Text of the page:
Meet Heather and Baby Leah
A difficult pregnancy resulted in Heather and Brad Jessome’s now two-year-old son Kevin having special needs. So the couple began considering a second child. Heather and Brad consulted with their family doctor in Sault Saint Marie, Ontario and were given the green light.
It was week 13 of Heather’s pregnancy and July 13, their son’s birthday when a routine fetal ultrasound revealed a problem.
“That’s when the stress started,” says Heather. “It hasn’t really stopped since then.”
After being referred to Mount Sinai Hospital’s Family Medicine Genetics Program team found that Heather’s placenta wasn’t working properly. Her baby’s growth was being restricted. At week 17 Heather was referred to Mount Sinai’s High Risk Obstetrics Program.
“After that, every week I either drove or flew down from up north.”
On October 19, when Heather was six months into her pregnancy, things took a turn for the worse. She was admitted to Mount Sinai’s Antenatal Inpatient Unit for intensive monitoring. On November 2, her baby's heart rate became irregular. Delayed by a backlog of emergency C-sections, Heather finally delivered baby Leah at 4:09 am on November 4. Born after just six and a half months, Leah weighed just 680 grams about one and a half pounds.
“She could literally fit into a Tim Horton’s coffee cup.”
Leah was admitted to the Newton Glassman Charitable Foundation Neonatal Intensive Care Unit (NICU), and Heather was discharged.
“Brad and I had nowhere to go,” says Heather. “Sinai was gracious enough to let us sleep in the on-call room that night because our room at Ronald McDonald House wasn’t ready yet.”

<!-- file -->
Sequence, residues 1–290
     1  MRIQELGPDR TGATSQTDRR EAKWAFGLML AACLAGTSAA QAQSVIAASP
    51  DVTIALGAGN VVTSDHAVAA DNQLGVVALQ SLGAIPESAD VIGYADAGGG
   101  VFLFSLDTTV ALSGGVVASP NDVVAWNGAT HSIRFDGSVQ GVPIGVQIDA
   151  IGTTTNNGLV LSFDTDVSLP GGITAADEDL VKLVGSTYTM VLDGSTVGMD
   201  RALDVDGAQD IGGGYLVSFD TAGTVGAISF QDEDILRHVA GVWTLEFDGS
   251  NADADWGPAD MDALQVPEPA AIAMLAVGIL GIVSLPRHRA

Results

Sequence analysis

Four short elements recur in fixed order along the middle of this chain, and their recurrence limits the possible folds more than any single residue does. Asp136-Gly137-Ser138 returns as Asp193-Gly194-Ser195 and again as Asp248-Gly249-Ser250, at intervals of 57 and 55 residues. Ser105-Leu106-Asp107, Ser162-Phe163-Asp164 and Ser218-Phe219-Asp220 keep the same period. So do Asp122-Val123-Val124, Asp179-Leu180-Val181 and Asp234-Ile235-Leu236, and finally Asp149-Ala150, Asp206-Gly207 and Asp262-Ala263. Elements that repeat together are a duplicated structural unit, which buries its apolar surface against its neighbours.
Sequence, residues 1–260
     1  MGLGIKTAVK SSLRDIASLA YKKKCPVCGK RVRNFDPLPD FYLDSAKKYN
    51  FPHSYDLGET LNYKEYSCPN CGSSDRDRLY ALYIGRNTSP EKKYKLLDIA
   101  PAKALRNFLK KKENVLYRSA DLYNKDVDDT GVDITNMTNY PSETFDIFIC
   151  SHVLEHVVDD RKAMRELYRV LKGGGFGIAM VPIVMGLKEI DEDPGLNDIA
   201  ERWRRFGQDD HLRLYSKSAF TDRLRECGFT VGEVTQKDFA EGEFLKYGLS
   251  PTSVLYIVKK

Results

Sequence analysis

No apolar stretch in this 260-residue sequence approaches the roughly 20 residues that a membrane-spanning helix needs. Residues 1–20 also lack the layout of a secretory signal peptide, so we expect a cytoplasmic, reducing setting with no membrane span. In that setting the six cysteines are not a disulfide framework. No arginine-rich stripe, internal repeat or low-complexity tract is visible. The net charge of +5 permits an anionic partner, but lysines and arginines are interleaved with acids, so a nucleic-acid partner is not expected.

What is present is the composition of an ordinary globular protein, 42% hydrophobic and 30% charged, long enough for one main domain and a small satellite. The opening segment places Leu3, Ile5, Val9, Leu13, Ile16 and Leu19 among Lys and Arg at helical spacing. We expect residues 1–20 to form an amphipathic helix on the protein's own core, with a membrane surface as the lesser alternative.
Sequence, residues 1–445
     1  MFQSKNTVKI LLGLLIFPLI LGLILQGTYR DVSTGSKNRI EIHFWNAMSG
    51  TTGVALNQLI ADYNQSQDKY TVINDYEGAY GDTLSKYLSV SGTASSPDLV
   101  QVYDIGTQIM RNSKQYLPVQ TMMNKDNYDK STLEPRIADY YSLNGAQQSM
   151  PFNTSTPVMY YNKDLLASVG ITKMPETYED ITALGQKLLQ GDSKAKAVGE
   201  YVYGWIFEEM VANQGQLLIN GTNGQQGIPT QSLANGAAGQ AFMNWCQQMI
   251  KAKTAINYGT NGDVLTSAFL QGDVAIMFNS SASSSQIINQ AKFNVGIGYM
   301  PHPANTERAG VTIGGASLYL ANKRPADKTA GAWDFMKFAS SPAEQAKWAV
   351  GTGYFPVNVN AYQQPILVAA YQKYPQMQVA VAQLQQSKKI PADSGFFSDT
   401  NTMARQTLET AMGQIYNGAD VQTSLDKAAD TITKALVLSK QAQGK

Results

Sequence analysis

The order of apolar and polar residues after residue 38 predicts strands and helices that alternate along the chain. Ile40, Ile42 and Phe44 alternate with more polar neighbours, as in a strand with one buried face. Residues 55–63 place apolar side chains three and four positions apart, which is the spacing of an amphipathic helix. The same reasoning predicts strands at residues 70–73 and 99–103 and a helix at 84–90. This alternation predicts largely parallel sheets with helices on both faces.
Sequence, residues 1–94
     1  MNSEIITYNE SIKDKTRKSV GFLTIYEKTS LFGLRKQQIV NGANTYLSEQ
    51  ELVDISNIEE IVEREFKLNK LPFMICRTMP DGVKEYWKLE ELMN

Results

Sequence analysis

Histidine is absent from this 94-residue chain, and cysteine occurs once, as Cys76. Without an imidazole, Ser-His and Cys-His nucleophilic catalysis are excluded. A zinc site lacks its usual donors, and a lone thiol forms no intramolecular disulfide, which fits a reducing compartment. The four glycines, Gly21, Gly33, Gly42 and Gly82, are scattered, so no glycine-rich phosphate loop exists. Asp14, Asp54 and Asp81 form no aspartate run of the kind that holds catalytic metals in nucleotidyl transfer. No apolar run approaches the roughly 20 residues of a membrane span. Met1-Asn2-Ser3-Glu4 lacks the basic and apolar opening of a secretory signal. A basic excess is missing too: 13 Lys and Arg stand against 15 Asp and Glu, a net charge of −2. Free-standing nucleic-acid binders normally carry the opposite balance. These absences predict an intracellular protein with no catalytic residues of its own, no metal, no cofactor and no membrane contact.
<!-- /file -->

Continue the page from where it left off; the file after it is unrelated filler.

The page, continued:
During her stay in the NICU, Leah experienced numerous major medical episodes, mostly respiratory. But nothing could prepare the couple for what was yet to come. On Day 17 of little Leah’s life, a routine genetic screen for newborns dealt the next blow to the family. Leah was found to have Cystic Fibrosis (CF).
“It was a shock. Absolute shock,” Heather recalls. “Our son Kevin has special needs and has been screened, but he’s not a CF carrier. Our prenatal testing didn’t find anything because prenatal tests don’t routinely screen for CF.”
The surprise diagnosis earned Leah the dubious distinction of being the smallest CF patient ever seen at Mount Sinai Hospital or SickKids.
“We’re forging new ground, they’ve never had a baby like her.”
Leah has now been discharged into the care of SickKids CF Unit, where she will remain until she is stable enough to go home.
“I have been here the entire time,” says Heather. “It’s been hard on the family. We’ve had to deal with time off work, and missing and worrying about our son and being so far away from home.”
Sinai became like “a second home” for Heather, she has nothing but gratitude for the staff. To set the family up for success, Mount Sinai’s Family Integrated Care (FIcare) team has trained Heather how to look after her fragile daughter, so she can provide the hands-on, expert care that Leah will need as she continues to stabilize.
“I can't believe how much they care about Leah, and us as a family. Every single member of the Mount Sinai team has been there for us. Every single one. Even just with a hug or a ‘how are you doing today.’ They’re the reason our daughter’s alive and the reason our family hasn’t totally fallen apart.”